So is the rest of the banking industry. American Banker recently reported that JPMorgan Chase and Bank of America plans to open as many as 900 new branches between them in the next few years. According to the Wall Street Journal, more than 1,200 banks, most of them small, have actually expanded their branch networks since 2012.
But the overall trend remains: Financial institutions are closing branches. According to Callahan’s BranchAnalyzer, credit unions and banks closed 1,646 and 5,295 branches, respectively, in the 12 months ending on June 30, 2017. So, what’s going on at Rogue?
Rogue Credit Union’s East Medford Branch is an integral part of an expanding branch network that EVP Matt Stephenson says is “ridiculously busy.”
The $1.5 billion credit union is opening and revamping branches as part of a growth strategy that’s not necessarily a growth strategy at all.
“It’s a loyalty strategy,” Stephenson says. “None of our goals are based on growth for growth’s sake.”
To that end, Rogue leadership values measurements that encapsulate loyalty, such as Net Promoter Score and assessments for ease of use, turnaround times, and brand awareness.
Hard numbers indicate the credit union’s strategy is working. For example, Rogue served 6,416 members per branch as for the first quarter of 2018. That’s up from 4,856 five years ago. Rogue’s total membership has grown 12.36% in the past four years. By comparison, membership at credit unions with $1 billion to $10 billion in assets has grown 5.73% in the same period.
Rogue Credit Union has not reported a quarterly member growth rate of less than 10% year-over-year since the second quarter of 2014.
Stephenson says 90% of its member growth is coming from existing markets, and 79% is at existing branches.
“We haven’t had a quarter with member growth of less than 10% in quite some time,” Stephenson says. “That has a lot to do with how we’re serving our markets. We are clearly benefiting from competitors who are forcing their customers toward delivery channels they want instead of the ones their customers want.”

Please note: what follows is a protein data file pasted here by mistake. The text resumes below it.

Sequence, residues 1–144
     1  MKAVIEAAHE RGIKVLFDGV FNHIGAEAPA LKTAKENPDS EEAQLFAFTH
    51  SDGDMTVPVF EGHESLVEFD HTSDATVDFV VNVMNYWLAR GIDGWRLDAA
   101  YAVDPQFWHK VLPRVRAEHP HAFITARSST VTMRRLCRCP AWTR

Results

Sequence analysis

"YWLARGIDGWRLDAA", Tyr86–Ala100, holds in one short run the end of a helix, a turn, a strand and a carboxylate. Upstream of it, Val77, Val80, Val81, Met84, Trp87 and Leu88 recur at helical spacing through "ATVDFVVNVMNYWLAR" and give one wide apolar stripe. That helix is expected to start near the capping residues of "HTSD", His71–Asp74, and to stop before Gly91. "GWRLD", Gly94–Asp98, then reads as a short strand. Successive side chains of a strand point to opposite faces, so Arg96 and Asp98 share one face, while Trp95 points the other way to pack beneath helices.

Giving members what they want shows in the credit union’s new branch designs. The designs feature interactive teller machines outside, which provide a versatile transition from the traditional tubes. Pods inside have replaced traditional teller windows, although Rogue is still using the pods to serve traditional teller lines.
Rogue’s branch design emphasizes traditional service with the capacity to accommodate new self-service and consultative methods as member demand changes.
“We have too much traffic in our branches and our members aren’t ready to change our way of doing business,” Stephenson says. “But when they are, we’ll be ready.”
3 Guiding Principles
Growth at Rogue Credit Union is the result of a strategy based on loyalty, says Matt Stephenson, executive vice president at the Oregon cooperative. According to Stephenson, Rogue uses these three points guide its branching strategy:
Don’t focus on growth for growth’s sake.
Create flexible branch designs that can evolve with member needs.
Don’t force members toward technology for which they’re not ready.
The credit union also has expanded its Saturday branch hours from a 2 p.m. closing to 5 p.m. closing. The result has been a 54% increase in Saturday transactions, 57% increase in loans, and 61% increase in account openings.
The ITMs also enabled the credit union to efficiently expand to 7 a.m. to 7 p.m. service hours. Approximately 75% of that usage is ATM transactions, but the ability to talk to a person when needed is crucial.
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According to Stephenson, 60% of surveyed members say they prefer the interactive teller machines to walking into a branch. But if a member makes the effort to walk into a branch to talk with someone, Rogue wants to be there for that.
Still, Stephenson is quick to note that the credit union’s digital channels are its fastest growing, by far.
“We’re not putting all our eggs in one basket,” the Rogue EVP says, adding that the credit union recently updated its website and will go live with a new internet banking platform in January.
“We’re not naïve,” Stephenson says. “The rest of the world sees something coming and has this knee-jerk reaction. We see it coming, too, but we’re not going to disenfranchise members right now because of something we see 10 years down the road.”
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